After 30 days of consistent cold showers you might notice several changes in your body. These may include increased alertness, improved mood, strengthened immune response, enhanced circulation, and better skin and hair condition due to the decreased loss of natural oils.
You may also experience metabolic changes, such as a potential increase in weight loss efficiency, although this isn’t a standalone solution for weight loss.
What Does a 5-minute Cold Shower Do?
A 5-minute cold shower can stimulate the nervous system, increase blood circulation, and cause a rush of endorphins – the feel-good hormones. It can also improve your mood by acting as a mild antidepressant and boost your energy levels, making you feel more alert.
On the physical level it can help improve the quality of your skin and hair, by preserving their natural oils which often get stripped off with hot water.
Does Cold Water Therapy Burn Fat?
Yes, cold water therapy can contribute to fat burning. The theory is that exposure to cold can stimulate the development of brown fat, which is a type of fat that burns energy instead of storing it (7). This process is known as thermogenesis.
However, it is important to note that while cold water therapy can support weight loss efforts, it is not a standalone solution for weight loss and should be combined with a balanced diet and regular exercise (11).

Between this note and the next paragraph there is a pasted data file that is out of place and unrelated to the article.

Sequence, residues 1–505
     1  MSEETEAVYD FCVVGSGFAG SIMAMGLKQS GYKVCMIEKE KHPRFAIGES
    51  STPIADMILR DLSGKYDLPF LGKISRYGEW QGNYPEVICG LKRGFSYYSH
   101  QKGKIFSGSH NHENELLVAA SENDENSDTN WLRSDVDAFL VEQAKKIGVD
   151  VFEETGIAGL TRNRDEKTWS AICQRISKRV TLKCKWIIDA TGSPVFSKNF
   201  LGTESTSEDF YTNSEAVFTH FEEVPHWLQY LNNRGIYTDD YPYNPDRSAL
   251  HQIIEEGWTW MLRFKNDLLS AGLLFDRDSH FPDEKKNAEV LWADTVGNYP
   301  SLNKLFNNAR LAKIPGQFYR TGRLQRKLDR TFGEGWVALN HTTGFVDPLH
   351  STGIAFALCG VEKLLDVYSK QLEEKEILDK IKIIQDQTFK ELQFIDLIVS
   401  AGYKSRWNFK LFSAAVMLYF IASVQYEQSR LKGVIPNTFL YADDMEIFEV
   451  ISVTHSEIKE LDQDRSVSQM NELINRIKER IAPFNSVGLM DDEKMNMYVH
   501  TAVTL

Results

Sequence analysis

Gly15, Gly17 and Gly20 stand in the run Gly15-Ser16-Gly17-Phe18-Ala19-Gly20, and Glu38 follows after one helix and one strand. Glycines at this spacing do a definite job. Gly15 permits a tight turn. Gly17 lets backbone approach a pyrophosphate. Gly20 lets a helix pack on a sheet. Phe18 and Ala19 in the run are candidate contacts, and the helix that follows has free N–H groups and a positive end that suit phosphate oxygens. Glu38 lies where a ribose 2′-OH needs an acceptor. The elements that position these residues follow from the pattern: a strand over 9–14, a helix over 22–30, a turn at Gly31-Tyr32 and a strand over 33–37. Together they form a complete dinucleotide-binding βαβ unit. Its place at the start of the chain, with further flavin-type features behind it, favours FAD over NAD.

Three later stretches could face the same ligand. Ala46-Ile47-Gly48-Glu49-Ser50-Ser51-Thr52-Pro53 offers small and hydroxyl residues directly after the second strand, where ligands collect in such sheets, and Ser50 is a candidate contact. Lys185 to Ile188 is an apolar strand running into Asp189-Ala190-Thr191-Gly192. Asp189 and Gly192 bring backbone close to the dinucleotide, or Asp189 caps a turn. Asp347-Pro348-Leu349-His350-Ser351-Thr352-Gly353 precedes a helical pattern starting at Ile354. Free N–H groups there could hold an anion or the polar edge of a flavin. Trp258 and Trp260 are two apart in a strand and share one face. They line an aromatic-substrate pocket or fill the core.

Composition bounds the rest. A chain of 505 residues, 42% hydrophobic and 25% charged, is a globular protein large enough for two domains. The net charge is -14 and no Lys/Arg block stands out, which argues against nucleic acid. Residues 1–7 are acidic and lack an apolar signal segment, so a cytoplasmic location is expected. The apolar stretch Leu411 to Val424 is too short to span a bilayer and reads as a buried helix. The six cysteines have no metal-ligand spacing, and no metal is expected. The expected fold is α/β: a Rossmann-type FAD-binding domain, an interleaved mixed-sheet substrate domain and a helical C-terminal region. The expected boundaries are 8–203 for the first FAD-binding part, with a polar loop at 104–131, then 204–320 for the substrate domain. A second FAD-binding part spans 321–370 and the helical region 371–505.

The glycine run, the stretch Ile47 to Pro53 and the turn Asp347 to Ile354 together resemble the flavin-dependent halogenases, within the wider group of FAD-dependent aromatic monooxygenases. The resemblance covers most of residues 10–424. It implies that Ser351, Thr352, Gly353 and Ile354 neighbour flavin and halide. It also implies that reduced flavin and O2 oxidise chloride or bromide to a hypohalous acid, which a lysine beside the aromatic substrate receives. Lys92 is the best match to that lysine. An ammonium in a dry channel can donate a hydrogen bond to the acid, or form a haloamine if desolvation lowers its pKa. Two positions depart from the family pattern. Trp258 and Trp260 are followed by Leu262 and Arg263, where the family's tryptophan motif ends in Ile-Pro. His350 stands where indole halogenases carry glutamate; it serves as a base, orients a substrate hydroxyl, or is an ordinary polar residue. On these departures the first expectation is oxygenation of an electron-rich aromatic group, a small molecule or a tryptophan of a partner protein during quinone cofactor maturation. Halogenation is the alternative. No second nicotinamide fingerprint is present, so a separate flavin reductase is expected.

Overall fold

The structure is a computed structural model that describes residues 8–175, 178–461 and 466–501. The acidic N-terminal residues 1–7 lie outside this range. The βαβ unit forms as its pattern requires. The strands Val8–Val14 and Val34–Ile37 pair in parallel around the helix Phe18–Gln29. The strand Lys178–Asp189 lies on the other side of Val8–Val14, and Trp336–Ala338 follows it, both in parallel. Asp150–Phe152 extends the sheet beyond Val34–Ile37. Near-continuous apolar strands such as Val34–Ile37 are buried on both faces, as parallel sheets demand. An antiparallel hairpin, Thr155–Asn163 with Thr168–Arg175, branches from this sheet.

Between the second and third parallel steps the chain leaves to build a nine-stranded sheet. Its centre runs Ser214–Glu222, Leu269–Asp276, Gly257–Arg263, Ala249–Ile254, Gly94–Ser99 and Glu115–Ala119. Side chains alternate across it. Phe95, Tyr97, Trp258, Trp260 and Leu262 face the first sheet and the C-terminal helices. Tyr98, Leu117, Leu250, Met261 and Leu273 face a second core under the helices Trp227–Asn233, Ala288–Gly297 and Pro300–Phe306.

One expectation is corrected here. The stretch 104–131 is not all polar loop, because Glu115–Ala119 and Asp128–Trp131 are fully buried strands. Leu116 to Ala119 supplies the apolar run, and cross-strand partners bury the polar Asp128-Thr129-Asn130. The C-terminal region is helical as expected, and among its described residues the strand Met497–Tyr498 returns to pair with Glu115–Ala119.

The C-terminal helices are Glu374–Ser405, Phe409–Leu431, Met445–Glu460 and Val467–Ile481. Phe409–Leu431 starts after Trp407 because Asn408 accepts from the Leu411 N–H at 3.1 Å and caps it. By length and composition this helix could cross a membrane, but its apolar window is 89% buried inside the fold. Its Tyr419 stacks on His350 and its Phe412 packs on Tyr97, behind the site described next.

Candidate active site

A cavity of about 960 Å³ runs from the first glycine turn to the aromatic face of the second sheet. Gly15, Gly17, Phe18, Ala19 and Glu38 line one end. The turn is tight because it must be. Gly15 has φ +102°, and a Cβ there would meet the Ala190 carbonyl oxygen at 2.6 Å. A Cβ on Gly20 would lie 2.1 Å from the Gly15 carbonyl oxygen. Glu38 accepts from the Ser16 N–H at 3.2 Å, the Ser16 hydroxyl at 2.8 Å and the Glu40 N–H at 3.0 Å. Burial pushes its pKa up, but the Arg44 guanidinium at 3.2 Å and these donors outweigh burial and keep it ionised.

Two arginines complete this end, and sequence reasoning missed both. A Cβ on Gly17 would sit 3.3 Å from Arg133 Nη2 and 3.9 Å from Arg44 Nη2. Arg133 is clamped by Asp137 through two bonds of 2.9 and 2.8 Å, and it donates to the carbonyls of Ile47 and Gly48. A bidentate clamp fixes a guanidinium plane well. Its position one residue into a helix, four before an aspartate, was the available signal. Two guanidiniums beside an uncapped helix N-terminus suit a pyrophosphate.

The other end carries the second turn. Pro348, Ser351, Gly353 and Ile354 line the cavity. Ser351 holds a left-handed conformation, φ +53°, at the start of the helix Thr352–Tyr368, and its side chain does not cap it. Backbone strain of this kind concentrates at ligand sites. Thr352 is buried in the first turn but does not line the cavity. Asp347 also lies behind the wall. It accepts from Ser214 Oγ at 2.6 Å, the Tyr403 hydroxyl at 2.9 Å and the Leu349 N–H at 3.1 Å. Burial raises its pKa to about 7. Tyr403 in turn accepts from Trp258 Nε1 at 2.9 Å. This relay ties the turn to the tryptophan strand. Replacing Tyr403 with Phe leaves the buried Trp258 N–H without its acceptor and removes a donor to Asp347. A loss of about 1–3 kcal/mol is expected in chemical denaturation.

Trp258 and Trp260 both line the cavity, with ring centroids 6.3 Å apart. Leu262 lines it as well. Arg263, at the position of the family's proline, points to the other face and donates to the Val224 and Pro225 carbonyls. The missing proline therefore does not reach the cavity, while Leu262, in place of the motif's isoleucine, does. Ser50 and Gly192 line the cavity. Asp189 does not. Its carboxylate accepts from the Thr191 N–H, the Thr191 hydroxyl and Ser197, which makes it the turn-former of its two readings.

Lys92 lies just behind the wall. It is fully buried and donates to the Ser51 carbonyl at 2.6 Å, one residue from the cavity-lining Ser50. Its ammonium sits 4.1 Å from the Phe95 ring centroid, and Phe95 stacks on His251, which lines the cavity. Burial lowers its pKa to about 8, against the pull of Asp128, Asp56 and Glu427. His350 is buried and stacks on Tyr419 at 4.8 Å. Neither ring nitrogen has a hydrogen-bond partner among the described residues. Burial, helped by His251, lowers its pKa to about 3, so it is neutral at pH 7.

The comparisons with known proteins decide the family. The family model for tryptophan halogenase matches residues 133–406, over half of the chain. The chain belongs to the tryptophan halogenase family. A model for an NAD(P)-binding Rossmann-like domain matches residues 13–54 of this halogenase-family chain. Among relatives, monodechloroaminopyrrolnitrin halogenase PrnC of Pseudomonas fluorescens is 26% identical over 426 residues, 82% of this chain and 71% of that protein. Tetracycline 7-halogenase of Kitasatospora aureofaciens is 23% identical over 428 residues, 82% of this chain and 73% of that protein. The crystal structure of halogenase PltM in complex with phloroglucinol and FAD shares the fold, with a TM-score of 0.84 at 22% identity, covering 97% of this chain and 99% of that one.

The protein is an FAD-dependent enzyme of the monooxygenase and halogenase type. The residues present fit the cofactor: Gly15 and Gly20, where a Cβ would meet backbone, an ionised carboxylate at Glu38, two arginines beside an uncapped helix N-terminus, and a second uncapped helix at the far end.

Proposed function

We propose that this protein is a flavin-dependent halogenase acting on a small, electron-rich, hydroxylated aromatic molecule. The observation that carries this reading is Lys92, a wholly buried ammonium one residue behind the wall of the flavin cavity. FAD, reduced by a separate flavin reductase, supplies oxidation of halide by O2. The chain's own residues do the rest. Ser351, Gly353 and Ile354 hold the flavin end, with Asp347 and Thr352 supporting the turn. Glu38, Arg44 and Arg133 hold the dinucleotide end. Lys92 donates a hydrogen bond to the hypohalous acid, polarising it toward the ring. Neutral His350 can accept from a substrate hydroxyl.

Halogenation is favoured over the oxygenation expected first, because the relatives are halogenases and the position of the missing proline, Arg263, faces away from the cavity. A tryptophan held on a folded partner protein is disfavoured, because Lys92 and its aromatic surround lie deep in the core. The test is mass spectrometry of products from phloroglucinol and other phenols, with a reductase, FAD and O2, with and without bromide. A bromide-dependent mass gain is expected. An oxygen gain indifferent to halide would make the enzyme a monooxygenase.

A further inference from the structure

How Often Can You Do Cold Water Therapy?
The frequency of cold water therapy can vary depending on your personal tolerance, health conditions, and desired outcomes.
Some people engage in cold water therapy at home daily, while others do it several times a week. It’s always best to listen to your body and adjust the frequency accordingly.
Who Should Not Use Cold Therapy?
Individuals with certain health conditions, such as cardiovascular disease, Raynaud’s disease or asthma, should avoid cold water therapy as it could potentially worsen their symptoms or cause a sudden heart attack in those with weak hearts (3).
Pregnant women are also advised to avoid this therapy as it may put undue stress on the body. Always consult your healthcare provider before starting a new therapy regimen.
Is There Any Science Behind Cold Water Therapy?
Yes, there is scientific evidence supporting the benefits of cold water therapy.
Studies have shown that it can boost mood, improve circulation, increase metabolism, improve skin and hair health, and even help with depression (1). However, more research is needed to fully understand all its potential benefits and risks.